Previously there were no good estimates of how much magma drainage is necessary for a collapse, but Anderson says the Kilauea eruption demonstrated that it can take remarkably little to kick off this fiery process. "Before the first collapse, really only a very small fraction of the magma was removed—almost certainly less than about 3.5 to 4 percent," he says. Kilauea's summit caldera may have already been thin and faulted and thus weak, Anderson adds. It remains to be seen if other calderas are similarly vulnerable.
The connection between the caldera collapse and the lava flow in the lower Eastern Rift Zone was evident in real time, says Matthew Patrick, a geophysicist at the USGS's Hawaiian Volcano Observatory. In a separate paper, he and his colleagues found that the lava river flowing through the rift zone experienced hours-long surges that occurred within minutes of the collapses at the summit caldera, 40 kilometers away. These lava floods resulted from pressure pulses created by the collapsing caldera, Patrick says. The pulses sometimes caused the lava channel to overtop its banks, creating new rivulets that threatened nearby property. A geochemical analysis of lava in the rift zone, led by University of Hawaii at Hilo volcanologist Cheryl Gansecki, further cemented the caldera–rift zone connection. It found that hotter magma, likely from the summit reservoir, mixed with magma left over from older eruptions.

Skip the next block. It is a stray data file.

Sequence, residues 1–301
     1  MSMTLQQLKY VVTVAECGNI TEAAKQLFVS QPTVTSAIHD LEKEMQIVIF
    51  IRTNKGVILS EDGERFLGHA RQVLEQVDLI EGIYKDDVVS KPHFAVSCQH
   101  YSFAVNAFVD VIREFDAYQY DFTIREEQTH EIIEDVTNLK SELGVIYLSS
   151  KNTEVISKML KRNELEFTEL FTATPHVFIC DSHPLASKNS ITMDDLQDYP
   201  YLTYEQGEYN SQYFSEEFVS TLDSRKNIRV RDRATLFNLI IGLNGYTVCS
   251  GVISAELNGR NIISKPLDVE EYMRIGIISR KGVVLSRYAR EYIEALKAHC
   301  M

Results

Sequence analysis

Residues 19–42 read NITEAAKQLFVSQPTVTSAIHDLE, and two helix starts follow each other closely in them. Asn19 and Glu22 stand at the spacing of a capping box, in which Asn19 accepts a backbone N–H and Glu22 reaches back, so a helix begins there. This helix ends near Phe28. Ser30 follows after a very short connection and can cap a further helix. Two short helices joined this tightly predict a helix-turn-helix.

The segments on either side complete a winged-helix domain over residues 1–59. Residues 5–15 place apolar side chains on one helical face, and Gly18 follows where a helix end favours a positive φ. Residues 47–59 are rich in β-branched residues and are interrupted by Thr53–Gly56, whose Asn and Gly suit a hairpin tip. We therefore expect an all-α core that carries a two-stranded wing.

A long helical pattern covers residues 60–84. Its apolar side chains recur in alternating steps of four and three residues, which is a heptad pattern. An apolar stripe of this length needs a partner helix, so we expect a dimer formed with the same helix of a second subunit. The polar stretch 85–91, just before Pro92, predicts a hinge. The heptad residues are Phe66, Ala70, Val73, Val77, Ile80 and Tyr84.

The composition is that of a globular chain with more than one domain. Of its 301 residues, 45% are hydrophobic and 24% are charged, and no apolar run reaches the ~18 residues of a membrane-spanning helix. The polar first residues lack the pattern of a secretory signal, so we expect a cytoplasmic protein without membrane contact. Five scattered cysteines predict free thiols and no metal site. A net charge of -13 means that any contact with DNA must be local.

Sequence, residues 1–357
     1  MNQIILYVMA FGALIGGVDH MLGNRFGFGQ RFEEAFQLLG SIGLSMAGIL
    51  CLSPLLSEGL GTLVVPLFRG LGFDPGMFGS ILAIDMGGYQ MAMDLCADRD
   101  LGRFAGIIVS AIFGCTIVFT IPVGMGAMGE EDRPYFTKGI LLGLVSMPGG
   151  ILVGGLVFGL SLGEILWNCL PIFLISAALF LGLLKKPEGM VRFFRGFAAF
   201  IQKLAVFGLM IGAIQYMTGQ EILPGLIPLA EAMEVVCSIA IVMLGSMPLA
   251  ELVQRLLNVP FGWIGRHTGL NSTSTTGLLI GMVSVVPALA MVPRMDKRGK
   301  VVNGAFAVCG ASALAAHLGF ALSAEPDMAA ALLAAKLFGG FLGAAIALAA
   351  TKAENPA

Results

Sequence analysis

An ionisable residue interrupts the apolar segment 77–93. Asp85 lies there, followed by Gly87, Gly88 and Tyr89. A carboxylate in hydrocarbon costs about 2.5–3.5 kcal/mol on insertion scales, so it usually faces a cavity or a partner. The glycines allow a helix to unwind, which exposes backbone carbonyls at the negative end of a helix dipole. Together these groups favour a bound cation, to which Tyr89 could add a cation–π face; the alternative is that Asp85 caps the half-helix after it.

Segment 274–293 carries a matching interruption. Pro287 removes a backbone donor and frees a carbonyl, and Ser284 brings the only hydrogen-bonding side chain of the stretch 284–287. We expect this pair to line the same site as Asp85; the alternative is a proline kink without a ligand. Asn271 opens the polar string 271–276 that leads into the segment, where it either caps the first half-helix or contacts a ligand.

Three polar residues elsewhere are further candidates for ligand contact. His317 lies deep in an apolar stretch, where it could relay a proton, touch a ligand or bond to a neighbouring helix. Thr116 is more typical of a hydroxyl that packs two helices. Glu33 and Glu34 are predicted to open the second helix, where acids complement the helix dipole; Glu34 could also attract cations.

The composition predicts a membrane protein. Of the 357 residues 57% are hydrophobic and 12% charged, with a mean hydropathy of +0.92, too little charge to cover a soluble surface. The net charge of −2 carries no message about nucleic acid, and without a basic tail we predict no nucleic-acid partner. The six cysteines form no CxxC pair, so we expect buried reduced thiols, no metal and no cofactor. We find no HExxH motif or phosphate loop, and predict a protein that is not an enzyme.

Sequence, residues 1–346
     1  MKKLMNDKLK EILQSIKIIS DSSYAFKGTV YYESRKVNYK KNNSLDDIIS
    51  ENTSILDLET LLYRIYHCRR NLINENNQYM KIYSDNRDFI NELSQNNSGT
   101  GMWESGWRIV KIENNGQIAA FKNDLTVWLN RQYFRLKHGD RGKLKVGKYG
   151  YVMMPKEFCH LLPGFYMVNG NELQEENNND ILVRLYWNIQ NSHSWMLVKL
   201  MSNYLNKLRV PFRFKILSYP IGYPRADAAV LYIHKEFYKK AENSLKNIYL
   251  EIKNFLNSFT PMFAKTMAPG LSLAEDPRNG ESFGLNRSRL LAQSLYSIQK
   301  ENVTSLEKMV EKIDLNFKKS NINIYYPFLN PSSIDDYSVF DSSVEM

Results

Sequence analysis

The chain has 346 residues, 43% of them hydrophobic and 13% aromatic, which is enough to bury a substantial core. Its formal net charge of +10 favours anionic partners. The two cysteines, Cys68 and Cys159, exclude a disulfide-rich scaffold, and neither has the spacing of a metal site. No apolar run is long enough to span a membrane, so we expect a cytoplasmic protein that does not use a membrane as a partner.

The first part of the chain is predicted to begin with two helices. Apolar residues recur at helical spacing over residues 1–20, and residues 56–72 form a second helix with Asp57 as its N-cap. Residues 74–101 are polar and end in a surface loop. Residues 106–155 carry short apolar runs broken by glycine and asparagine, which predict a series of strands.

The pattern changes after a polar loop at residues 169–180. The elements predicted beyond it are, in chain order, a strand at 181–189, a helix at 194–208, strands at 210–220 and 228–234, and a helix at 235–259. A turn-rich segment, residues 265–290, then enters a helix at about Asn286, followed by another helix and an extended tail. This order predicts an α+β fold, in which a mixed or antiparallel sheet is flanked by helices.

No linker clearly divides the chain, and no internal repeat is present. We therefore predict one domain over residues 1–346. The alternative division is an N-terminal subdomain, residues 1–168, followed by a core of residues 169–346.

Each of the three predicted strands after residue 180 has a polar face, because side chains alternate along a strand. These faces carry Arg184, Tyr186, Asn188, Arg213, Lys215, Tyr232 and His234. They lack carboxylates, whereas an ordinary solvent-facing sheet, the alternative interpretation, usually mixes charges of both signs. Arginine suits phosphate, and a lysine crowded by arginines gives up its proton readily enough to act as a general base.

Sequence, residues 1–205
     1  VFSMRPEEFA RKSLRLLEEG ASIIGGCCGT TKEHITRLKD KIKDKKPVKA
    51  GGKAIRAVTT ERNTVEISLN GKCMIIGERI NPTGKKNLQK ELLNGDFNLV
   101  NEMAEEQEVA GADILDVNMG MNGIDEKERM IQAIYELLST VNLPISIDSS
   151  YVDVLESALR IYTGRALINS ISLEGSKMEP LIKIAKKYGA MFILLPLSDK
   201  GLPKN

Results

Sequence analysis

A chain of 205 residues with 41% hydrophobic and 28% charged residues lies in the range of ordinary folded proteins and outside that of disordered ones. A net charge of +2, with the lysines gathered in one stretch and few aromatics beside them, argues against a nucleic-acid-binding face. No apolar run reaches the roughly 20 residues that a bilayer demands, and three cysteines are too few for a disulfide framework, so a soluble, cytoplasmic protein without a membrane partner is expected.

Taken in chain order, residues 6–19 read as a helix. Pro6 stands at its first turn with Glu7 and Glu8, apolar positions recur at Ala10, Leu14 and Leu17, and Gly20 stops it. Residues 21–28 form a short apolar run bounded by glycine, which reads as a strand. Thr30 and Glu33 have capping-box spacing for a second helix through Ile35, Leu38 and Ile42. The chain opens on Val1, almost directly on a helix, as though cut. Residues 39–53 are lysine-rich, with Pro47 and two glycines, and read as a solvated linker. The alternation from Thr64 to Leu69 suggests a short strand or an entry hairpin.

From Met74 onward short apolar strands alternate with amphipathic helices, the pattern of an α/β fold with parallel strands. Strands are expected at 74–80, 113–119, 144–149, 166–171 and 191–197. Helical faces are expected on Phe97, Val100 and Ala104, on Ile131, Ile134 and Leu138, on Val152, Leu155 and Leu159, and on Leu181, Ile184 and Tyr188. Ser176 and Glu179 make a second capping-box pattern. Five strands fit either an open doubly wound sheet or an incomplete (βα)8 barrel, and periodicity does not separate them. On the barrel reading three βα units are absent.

Kilauea is not likely to erupt with such vigor again until its magma chamber refills with molten rock from the earth's mantle, which could take years to decades. But there are other, similar volcanoes sitting in rift zones around the world, from Iceland to the Galápagos Islands, and the information learned at places like Kilauea and Bardarbunga could help illuminate how those far-flung calderas might collapse.
"Well-monitored caldera collapses can provide crucial information about the magma plumbing system beneath these volcanoes," says Michelle Parks, a geophysicist at the Icelandic Meteorological Office, who was not involved in the new research. These novel details could include how magma is stored, how much of it is available to erupt and how it migrates, she says, adding, "All of this information is critical for determining the potential style of the eruption—and also the size of the eruption."
This article was first published at ScientificAmerican.com. © ScientificAmerican.com. All rights reserved Follow Scientific American on Twitter @SciAm and @SciamBlogs. Visit ScientificAmerican.com for the latest in science, health and technology news.
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Stephanie Pappas is a contributing writer for Live Science, covering topics ranging from geoscience to archaeology to the human brain and behavior. She was previously a senior writer for Live Science but is now a freelancer based in Denver, Colorado, and regularly contributes to Scientific American and The Monitor, the monthly magazine of the American Psychological Association. Stephanie received a bachelor's degree in psychology from the University of South Carolina and a graduate certificate in science communication from the University of California, Santa Cruz.